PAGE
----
Quantcast

Report Reveals High Risk, No Reward of Enbridge Tar Sands Pipeline Expansion

Energy

A new report released today by the Sierra Club and a coalition of 13 other organizations, including the Indigenous Environmental Network, examines the proposed expansion of the Alberta Clipper tar sands pipeline and concludes that there are significant threats to water, health and climate.

The report, All Risk, No Reward: The Alberta Clipper Tar Sands Pipeline Expansion, comes in advance of a rally to stop the Alberta Clipper expansion that will take place before the Minnesota Public Utilities Commission public hearing in St. Paul, MN, on April 3.

“Last week the BP Whiting tar sands refinery in Indiana dumped crude oil into Lake Michigan,” says Michael Marx, Sierra Club beyond oil campaign director. “Expanding the Alberta Clipper tar sands pipeline would move towards more dirty, dangerous tar sands crude through the region, which would put American and Tribal lands and waters, including the Great Lakes, at risk of more devastating oil spills.”

The Alberta Clipper pipeline, also known as Line 67, currently pumps up to 450,000 barrels per day of tar sands crude from Hardisty, Alberta, Canada, to Superior, WI. The pipeline traverses 327 miles through North Dakota and Minnesota to Wisconsin and the shores of Lake Superior, passing through Tribal lands, forests, farms, rivers and lakes. Enbridge, the company that owns the pipeline, seeks to almost double the pipeline’s capacity to 800,000 bpd, nearly the same as TransCanada’s controversial Keystone XL pipeline; and to construct two new tar sands storage tanks on the shores of Lake Superior.

“Higher capacity means more crude pumped at higher temperature and pressure, raising the risk of accidents,” says Sarah Milne, report author. “This proposal would also enable tar sands industry growth, generating massive carbon pollution at a time when both the U.S. and Canada must transition away from dirty fuels and to renewable energy.”

“Enbridge has a disgraceful history of spills and has been cited for safety violations by U.S. and Canadian public safety agencies,” says Milne. “From 1999 to 2010, Enbridge was responsible for more than 800 spills that released 6.8 million gallons of hydrocarbons, including the worst onshore oil spill in U.S. history, the 2010 Kalamazoo River disaster.”

The report includes a description of significant places, drinking water sources and natural areas threatened by the pipeline expansion, including, the Northern Divide, Mississippi River, Minnesota’s Wild Rice region, Fond du Lac and Leech Lake Indian Reservations, Chippewa National Forest, Leech Lake, Minnesota’s hunting lands, Grand Rapids and Resort Country.

--------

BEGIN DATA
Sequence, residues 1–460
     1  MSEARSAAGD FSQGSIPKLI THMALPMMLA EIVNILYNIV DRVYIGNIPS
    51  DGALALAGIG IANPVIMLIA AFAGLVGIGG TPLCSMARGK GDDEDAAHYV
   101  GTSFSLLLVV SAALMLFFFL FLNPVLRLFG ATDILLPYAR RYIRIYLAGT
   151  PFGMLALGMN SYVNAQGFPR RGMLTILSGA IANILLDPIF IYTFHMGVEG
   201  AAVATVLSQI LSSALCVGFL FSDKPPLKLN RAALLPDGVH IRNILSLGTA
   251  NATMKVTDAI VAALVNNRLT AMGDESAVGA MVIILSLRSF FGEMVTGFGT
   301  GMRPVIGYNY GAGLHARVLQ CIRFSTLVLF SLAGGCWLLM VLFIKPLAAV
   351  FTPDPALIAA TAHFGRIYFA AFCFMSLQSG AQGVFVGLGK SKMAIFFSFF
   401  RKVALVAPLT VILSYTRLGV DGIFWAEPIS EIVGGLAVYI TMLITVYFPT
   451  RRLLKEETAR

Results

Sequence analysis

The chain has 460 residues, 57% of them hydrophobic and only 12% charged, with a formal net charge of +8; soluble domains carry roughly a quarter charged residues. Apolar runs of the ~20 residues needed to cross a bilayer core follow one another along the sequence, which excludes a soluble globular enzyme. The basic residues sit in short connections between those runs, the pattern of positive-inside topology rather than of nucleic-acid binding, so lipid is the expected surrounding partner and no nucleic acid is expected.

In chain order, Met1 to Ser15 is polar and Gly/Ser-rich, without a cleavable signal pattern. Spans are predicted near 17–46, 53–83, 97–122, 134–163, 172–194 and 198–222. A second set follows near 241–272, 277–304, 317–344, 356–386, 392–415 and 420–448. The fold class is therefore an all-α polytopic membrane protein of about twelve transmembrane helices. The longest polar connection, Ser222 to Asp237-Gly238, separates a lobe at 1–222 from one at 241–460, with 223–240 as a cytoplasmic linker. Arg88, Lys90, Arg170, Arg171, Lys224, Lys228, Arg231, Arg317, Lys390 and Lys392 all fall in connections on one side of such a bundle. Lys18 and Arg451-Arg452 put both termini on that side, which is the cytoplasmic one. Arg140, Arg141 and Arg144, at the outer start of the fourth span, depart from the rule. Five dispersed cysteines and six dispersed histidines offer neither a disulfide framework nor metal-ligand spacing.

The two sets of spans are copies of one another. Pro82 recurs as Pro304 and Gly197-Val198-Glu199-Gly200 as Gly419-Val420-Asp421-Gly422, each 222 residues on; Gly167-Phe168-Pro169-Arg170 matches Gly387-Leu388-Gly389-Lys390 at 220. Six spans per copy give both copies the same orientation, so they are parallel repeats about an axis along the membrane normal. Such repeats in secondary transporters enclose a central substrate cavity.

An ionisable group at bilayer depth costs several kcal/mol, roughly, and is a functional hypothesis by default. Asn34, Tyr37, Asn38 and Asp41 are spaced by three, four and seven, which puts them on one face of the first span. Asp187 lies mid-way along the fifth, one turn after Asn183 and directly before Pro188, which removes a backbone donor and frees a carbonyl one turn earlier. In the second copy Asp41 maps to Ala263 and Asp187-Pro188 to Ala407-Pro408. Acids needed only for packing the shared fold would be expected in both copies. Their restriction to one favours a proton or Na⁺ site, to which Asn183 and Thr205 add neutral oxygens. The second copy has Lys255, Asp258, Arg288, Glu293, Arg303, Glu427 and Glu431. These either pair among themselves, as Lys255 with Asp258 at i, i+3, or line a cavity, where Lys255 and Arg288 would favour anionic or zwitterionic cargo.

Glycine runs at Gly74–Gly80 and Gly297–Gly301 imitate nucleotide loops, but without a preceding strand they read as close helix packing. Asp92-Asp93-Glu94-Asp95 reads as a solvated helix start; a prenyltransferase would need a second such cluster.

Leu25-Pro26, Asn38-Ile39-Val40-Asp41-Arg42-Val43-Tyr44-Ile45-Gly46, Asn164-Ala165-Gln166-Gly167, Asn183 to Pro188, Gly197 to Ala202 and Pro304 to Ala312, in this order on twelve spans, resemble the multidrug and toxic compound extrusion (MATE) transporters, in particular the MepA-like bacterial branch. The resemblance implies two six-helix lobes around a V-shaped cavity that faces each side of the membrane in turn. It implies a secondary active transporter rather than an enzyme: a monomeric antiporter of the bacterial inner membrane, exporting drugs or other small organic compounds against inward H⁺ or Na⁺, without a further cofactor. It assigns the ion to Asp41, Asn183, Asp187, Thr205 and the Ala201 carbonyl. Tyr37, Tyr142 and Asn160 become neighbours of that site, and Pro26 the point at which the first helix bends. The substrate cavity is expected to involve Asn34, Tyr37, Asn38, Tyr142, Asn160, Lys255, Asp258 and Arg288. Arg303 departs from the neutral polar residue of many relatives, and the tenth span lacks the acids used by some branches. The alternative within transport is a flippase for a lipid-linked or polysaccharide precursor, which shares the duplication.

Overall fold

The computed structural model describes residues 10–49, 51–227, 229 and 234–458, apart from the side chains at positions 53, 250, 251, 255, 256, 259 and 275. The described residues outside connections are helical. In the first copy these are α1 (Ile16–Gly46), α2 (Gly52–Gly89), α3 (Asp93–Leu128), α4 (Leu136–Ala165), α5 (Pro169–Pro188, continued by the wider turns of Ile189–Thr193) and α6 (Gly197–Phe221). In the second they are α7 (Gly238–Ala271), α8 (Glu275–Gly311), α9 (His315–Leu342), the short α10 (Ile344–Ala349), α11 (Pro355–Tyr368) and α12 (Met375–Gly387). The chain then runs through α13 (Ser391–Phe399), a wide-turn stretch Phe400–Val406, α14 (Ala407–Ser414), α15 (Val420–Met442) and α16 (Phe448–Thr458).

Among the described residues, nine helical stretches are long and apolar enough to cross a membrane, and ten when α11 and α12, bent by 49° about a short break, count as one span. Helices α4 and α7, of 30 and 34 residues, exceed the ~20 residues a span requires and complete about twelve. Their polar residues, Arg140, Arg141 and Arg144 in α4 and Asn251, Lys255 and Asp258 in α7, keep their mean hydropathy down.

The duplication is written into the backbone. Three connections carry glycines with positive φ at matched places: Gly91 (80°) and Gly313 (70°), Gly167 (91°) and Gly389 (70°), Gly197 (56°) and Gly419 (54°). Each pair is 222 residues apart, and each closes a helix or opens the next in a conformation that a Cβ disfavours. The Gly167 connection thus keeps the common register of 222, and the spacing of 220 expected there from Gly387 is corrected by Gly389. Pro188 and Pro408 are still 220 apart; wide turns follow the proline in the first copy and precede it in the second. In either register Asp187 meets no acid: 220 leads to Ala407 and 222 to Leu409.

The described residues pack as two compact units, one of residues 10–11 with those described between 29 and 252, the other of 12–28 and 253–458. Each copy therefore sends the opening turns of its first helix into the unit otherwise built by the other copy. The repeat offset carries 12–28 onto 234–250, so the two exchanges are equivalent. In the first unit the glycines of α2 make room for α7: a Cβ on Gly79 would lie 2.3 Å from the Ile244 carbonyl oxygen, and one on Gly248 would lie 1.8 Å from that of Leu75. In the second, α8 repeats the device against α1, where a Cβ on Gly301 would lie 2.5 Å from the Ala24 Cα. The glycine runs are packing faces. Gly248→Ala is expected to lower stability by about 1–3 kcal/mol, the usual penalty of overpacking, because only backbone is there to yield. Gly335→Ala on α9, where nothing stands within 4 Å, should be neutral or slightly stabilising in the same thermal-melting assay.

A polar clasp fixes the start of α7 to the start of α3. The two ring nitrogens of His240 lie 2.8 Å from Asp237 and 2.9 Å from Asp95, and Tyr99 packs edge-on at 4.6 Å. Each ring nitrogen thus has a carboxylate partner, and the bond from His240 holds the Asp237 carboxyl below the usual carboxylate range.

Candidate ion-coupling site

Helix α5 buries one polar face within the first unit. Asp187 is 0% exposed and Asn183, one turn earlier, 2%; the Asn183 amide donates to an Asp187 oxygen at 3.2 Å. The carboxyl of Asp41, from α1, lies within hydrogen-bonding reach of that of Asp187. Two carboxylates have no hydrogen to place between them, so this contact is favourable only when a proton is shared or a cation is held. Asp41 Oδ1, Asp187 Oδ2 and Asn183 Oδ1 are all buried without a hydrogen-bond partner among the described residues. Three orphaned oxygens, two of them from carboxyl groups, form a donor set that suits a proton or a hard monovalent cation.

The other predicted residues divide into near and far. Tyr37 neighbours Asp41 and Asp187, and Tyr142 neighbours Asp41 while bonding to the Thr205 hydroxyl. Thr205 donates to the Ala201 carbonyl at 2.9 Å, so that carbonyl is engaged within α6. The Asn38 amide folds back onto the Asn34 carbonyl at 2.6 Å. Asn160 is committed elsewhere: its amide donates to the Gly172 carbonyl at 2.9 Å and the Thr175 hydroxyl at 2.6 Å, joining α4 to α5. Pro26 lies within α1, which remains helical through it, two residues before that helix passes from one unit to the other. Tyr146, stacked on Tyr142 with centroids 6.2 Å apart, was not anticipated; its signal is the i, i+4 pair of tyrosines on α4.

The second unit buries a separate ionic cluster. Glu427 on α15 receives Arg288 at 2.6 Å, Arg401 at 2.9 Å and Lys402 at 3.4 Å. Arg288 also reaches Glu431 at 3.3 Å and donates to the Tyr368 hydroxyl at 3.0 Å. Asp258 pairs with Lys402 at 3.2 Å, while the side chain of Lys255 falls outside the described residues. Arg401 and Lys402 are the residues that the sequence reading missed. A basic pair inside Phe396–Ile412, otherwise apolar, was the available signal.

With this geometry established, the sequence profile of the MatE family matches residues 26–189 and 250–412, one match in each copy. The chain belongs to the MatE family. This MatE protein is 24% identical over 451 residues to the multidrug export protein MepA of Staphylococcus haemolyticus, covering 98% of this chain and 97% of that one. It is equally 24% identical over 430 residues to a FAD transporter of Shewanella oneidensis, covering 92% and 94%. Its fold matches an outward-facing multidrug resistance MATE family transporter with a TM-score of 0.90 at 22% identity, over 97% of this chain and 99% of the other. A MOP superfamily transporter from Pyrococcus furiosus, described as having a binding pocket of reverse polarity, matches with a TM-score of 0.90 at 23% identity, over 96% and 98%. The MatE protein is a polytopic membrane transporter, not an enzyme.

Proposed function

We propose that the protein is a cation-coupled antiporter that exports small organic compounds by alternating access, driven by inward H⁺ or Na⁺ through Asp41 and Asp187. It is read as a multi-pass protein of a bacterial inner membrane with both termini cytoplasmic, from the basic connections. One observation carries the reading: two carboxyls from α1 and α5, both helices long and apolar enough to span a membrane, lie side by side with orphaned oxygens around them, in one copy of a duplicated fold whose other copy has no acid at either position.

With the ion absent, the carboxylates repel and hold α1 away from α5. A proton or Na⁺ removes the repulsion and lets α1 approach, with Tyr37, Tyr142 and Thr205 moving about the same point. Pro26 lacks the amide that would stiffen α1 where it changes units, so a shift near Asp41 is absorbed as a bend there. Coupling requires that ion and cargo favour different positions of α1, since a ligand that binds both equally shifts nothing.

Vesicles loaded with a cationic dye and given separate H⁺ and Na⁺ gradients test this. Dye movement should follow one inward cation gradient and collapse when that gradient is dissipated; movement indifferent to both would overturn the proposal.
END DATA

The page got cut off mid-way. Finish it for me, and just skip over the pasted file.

YOU ALSO MIGHT LIKE

Report Details How Extreme Energy Extraction Threatens the Great Lakes

Senators Question Enbridge Over Aging Tar Sands Pipeline Beneath Great Lakes

Tar Sands Industry Eyes Great Lakes for Cheap Shipping

--------

EcoWatch Daily Newsletter

Despite huge strides in improving the lives of children since 1989, many of the world's poorest are being left behind, the United Nations children's fund UNICEF warned Monday.

Read More Show Less
At least seven people have died in a Bangladesh pipeline explosion. Youtube screenshot

At least seven people were killed when a gas pipeline exploded in Bangladesh Sunday, and another 25 were injured, the Associated Press reported.

Read More Show Less
Sponsored
The Shell Puget Sound Refinery in Anacortes, Washington. John Westrock / Flickr

The Washington Department of Ecology responded to an oil spill that took place Friday night when a Crowley Maritime Barge was transferring five million gallons of oil to the Shell Puget Sound Refinery, CNN reported.

Read More Show Less
Pixabay

By Claire L. Jarvis

A ruckus over biofuels has been brewing in Iowa.

Read More Show Less
Serena and Venus Williams have been known to follow a vegan diet. Edwin Martinez / Flickr / CC BY 2.0

By Whitney E. Akers

  • "The Game Changers" is a new documentary on Netflix that posits a vegan diet can improve athletic performance in professional athletes.

  • Limited studies available show that the type of diet — plant-based or omnivorous — doesn't give you an athletic advantage.

  • We talked to experts about what diet is the best for athletic performance.

Packed with record-setting athletes displaying cut physiques and explosive power, "The Game Changers," a new documentary on Netflix, has a clear message: Vegan is best.

Read More Show Less
Sponsored
An illegally trafficked tiger skull and pelt. Ryan Moehring / USFWS

By John R. Platt

When it comes to solving problems related to wildlife trade, there are an awful lot of "sticky widgets."

Read More Show Less
Pexels

By Franziska Spritzler, RD, CDE

Inflammation can be both good and bad.

On one hand, it helps your body defend itself from infection and injury. On the other hand, chronic inflammation can lead to weight gain and disease.

Read More Show Less
Pexels

By Dan Nosowitz

It's no secret that the past few years have been disastrous for the American farming industry.

Read More Show Less